He suggests a number of ways to elevate the consequence in order to modify behavior such as tax increases, greater personal responsibility and exercise.

That all sounds good, but what caught my attention was this passage as it relates to a city in Massachusetts who has set out to fight obesity and change the health of their city.

"Our goal is not to tell you what to eat," he says. "Our goal is not to tell you how to act. Our goal is to develop systems that give you the best choices, and make those choices easier for you." Despite the vast scale of the change, he says, the important thing is to make sure "every step you take, all your strategic attacks, are aligned to this overall goal," which he likes to sum up in a phrase: "Eat smart, play hard."

As it relates to connected health care, I've been active and involved for some time and have blogged about it extensively, and have outlined what I see as the big issues facing connected health care. First and foremost is that it is complex, there is little incentive for the end-user and systemic change takes a long time. If you truly want to see change, you have to persist, strategically attack and incentivize.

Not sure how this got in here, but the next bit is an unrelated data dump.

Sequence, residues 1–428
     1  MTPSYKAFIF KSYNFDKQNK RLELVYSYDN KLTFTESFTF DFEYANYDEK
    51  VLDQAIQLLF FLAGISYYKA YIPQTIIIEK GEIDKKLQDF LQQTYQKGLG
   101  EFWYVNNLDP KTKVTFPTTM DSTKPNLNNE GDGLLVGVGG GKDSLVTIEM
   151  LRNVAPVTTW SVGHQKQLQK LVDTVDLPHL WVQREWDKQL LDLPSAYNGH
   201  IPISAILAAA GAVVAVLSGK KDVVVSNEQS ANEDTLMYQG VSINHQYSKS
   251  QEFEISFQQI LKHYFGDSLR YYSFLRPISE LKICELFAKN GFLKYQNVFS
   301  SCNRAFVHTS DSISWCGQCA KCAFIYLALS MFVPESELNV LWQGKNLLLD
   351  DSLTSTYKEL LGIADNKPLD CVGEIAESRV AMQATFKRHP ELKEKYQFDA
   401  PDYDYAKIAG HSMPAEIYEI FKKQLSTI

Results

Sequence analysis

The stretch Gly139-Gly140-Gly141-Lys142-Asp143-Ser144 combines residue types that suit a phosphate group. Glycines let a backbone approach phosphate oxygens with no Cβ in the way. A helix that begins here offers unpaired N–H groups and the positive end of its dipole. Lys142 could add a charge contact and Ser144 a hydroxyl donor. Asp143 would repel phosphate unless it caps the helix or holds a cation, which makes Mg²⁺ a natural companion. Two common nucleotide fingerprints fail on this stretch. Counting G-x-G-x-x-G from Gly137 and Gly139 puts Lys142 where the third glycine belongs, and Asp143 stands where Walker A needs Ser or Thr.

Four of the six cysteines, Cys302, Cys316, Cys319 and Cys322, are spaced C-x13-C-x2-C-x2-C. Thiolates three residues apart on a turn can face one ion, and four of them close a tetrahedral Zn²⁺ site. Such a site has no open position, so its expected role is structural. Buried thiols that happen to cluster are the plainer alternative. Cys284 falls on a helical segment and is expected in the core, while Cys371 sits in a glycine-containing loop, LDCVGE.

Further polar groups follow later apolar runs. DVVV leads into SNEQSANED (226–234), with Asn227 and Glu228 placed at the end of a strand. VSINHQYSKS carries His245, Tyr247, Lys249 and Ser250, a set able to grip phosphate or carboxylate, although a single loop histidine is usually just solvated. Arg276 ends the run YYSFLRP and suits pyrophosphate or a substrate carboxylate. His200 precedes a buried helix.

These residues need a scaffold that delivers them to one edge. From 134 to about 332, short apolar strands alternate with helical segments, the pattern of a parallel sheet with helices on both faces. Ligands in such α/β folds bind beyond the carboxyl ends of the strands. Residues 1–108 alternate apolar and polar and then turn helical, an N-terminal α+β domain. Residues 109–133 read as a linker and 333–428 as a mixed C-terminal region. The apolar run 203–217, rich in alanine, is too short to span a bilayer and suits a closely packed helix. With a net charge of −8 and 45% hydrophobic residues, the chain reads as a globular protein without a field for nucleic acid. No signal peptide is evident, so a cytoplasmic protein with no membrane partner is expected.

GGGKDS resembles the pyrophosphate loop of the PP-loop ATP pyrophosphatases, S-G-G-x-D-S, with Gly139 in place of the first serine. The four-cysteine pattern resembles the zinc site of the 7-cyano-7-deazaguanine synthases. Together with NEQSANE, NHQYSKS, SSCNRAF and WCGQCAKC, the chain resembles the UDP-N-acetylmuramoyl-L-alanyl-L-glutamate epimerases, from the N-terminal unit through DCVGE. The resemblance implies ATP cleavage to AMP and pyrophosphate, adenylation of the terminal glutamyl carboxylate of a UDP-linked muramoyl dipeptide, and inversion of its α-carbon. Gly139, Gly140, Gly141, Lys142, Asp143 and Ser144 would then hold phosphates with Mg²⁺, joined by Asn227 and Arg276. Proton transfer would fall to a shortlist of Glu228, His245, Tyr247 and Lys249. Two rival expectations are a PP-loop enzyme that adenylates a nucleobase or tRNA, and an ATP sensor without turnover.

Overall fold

It makes me ask the question: What is being done to create opportunities and choices that make it easier? In a world where there is growing fragmentation and complexity it seems that all the effort is on developing products and solutions that will have a cost. When the lever that needs to be pulled is demand creation and the incentive to adopt on all fronts.